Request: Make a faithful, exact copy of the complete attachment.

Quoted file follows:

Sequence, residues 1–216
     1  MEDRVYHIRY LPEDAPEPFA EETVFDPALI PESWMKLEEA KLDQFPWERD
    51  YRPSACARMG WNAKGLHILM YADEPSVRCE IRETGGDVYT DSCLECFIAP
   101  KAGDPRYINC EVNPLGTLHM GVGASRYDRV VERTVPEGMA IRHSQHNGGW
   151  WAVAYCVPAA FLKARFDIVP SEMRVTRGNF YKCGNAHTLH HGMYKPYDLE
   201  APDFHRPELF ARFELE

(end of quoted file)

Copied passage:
Sequence, residues 1–216
     1  MEDRVYHIRY LPEDAPEPFA EETVFDPALI PESWMKLEEA KLDQFPWERD
    51  YRPSACARMG WNAKGLHILM YADEPSVRCE IRETGGDVYT DSCLECFIAP
   101  KAGDPRYINC EVNPLGTLHM GVGASRYDRV VERTVPEGMA IRHSQHNGGW
   151  WAVAYCVPAA FLKARFDIVP SEMRVTRGNF YKCGNAHTLH HGMYKPYDLE
   201  APDFHRPELF ARFELE